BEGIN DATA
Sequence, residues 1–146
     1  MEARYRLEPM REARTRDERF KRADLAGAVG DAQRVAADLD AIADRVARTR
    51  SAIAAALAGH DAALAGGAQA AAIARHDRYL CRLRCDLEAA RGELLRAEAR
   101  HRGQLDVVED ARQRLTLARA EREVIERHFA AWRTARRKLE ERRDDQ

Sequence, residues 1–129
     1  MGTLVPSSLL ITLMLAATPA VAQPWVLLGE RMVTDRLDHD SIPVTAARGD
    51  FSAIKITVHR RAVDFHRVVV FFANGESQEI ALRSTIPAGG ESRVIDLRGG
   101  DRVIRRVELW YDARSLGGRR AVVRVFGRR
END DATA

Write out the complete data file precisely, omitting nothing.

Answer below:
Sequence, residues 1–146
     1  MEARYRLEPM REARTRDERF KRADLAGAVG DAQRVAADLD AIADRVARTR
    51  SAIAAALAGH DAALAGGAQA AAIARHDRYL CRLRCDLEAA RGELLRAEAR
   101  HRGQLDVVED ARQRLTLARA EREVIERHFA AWRTARRKLE ERRDDQ

Sequence, residues 1–129
     1  MGTLVPSSLL ITLMLAATPA VAQPWVLLGE RMVTDRLDHD SIPVTAARGD
    51  FSAIKITVHR RAVDFHRVVV FFANGESQEI ALRSTIPAGG ESRVIDLRGG
   101  DRVIRRVELW YDARSLGGRR AVVRVFGRR